Last month Dutch 3D printer manufacturer Ultimaker released the long awaited 2.1 version of their popular Cura 3D printing software as an open beta. The software update included a ton of extra features and new functionalities that fans of Cura have long been asking for. Cura 2.1 finally added the ability to manipulate and group multiple objects on the printing bed, an undo/redo feature that doesn’t require you to delete and reload a model and users can go into advanced settings and assign different printing settings to different objects on the same build plate. One of the most requested, and most overdue, new features was the ability to store custom printing profiles directly within Cura.
Because Cura 2.1 is in beta it is to be expected that there are going to be a lot of small updates and tweaks in the coming months as users and community members discover bugs and glitches. Naturally, it wouldn’t be a beta if otherwise, often times these updates will end up triggering a new set of glitches and bugs. Last week Ultimaker released the first of their beta updates, Cura 2.1.1 and it was mostly minor fixes and glitches that most users probably didn’t notice. You can see all of the changes that have been made since 2.1 was released over on Github.
Generally I tend to wait for a few days before installing any new updates unless it’s a fix for a serious bug or glitch, but I updated Cura this weekend without thinking and got a bit of a surprise when I tried to print afterwards. My Printrbot wasn’t a minute in before it became a mess of stringy, brittle plastic, and I had no idea what went wrong. It turns out that there have been reports of users losing their stored printing profiles after they installed the update, which happened to be exactly what happened to me. Luckily I had a few of my most commonly used printing profiles saved and I was able to get back to printing pretty quickly, but it gave me quite a scare there for a minute. No big deal, crisis averted. But it did make me realize something about 3D printing that hadn’t occurred to me previously.
You know how your cat will avoid everything in your house unless it’s something that you need to use at that very moment? Like deciding that the day of your big interview is when it’s going to take a nap on your suit coat and cover it with clumps of cat hair, despite having ignored the coat for three days prior. I swear, I can go days or weeks and never have any problems 3D printing anything no matter how complicated or tricky, but the minute that I’m trying to print something on a deadline is when I end up with a frizzy ball of wasted filament that looks like something my cat puked up. It’s obvious to me now that 3D printers are just the robot world’s version of cats. We invite them into our homes willingly and spend seemingly endless amounts of money on things to make them happy, all for the promise of a small sign of affection that ends with physical wounds as often as not.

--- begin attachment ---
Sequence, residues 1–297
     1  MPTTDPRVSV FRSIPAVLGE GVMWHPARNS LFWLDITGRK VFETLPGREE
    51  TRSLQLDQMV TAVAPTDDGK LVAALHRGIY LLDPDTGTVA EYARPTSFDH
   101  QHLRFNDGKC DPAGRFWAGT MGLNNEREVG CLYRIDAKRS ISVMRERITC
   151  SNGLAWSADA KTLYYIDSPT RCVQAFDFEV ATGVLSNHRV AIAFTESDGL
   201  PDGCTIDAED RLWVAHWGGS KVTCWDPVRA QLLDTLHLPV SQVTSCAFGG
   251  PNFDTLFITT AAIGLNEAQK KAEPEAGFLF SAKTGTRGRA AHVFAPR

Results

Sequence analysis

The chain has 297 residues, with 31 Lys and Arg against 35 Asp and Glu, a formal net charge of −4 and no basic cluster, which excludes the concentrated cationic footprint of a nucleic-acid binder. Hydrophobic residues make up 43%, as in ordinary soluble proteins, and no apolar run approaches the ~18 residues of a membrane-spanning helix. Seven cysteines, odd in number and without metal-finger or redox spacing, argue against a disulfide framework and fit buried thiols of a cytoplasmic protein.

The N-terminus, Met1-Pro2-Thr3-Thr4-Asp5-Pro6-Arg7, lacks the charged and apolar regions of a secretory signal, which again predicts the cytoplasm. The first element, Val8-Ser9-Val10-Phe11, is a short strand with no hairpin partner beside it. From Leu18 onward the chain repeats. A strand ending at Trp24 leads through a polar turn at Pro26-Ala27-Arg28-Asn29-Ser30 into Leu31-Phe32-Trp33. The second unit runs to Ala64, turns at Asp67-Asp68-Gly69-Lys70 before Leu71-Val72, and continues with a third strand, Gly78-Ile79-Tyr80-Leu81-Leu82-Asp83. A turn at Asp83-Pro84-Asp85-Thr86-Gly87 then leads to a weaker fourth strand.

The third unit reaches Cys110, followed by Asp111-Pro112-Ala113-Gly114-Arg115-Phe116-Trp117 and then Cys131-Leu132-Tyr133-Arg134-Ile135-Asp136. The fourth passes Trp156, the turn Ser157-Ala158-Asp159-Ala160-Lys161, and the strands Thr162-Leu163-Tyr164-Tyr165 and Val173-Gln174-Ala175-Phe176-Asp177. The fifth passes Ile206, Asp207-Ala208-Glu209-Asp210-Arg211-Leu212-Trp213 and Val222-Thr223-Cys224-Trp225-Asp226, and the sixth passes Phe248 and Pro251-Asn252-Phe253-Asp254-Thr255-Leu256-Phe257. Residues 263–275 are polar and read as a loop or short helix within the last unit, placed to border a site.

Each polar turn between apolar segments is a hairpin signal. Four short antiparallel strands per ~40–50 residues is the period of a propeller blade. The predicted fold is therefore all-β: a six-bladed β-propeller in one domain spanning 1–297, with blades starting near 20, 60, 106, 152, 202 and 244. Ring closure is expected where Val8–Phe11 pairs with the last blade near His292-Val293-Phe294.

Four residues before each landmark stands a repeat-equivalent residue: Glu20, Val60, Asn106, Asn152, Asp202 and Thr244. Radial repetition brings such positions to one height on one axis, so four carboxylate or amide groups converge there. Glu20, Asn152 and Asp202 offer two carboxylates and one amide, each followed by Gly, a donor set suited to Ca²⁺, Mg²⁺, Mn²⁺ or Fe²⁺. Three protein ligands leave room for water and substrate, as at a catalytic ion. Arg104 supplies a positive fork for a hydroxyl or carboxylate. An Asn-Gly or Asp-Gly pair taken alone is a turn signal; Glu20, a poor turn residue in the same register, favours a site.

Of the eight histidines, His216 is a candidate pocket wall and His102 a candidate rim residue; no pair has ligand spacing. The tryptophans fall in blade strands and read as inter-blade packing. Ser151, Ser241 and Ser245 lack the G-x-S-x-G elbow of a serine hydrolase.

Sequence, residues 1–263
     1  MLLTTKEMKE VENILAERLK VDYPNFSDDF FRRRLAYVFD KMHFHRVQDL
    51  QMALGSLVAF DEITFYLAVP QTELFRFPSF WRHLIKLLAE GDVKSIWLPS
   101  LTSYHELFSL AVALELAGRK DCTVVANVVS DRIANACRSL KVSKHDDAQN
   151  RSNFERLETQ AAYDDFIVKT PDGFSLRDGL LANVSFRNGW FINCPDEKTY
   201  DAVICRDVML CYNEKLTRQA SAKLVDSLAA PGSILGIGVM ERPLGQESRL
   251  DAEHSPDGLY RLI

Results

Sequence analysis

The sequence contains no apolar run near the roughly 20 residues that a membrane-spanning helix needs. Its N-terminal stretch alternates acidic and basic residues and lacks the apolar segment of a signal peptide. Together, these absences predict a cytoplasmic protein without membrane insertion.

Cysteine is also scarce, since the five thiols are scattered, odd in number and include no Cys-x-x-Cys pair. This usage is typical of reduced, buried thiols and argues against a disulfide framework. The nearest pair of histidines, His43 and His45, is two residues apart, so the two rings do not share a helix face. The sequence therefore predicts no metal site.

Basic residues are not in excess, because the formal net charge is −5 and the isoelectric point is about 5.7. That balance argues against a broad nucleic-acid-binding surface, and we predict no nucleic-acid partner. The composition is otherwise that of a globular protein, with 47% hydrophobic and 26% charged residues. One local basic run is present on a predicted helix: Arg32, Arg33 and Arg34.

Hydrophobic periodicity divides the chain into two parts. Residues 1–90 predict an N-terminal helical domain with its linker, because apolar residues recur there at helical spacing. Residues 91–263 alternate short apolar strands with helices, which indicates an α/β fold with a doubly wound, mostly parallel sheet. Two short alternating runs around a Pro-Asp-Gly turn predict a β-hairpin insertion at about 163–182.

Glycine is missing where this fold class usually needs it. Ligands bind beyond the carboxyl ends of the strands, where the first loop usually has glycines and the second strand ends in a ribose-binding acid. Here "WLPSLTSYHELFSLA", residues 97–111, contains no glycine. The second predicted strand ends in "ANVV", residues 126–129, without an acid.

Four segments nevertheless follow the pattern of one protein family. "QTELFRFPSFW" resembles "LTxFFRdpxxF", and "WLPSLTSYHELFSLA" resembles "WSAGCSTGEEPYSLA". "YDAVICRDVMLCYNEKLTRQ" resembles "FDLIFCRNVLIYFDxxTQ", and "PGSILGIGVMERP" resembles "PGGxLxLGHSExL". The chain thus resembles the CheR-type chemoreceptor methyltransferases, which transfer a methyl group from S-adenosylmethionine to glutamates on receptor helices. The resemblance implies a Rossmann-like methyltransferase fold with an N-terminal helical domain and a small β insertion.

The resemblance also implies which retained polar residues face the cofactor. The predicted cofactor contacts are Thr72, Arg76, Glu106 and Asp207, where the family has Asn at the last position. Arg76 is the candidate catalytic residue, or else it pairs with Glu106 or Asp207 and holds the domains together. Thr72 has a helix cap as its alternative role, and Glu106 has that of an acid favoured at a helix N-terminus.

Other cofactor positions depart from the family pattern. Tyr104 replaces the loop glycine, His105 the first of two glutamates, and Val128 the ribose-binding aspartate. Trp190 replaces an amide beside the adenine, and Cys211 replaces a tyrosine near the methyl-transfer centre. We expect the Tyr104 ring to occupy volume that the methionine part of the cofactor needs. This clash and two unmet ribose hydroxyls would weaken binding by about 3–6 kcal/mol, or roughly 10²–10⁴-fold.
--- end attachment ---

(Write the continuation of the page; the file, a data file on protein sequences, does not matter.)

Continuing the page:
Anyways, don’t get scratched by your 3D printer: before you update your Cura 2.1 make sure that you backup all of your profiles first. In fact you should be backing up anything during a beta anyways, but I know how easy it is to get complacent about these things. If you already updated, and lost all of your profiles, then you’re going to have to try and replicate all of them, sorry. Although a user on Reddit mentioned that he was able to recover his profiles by loading some gcode files that he had saved. Make sure that you stop by the Ultimaker community thread where the Cura 2.1 beta is being discussed, there are bound to be plenty of tips and tricks to working round any glitches and bugs that you may run into. Discuss further in the Cura 3D Software Update Issues forum over at 3DPB.com.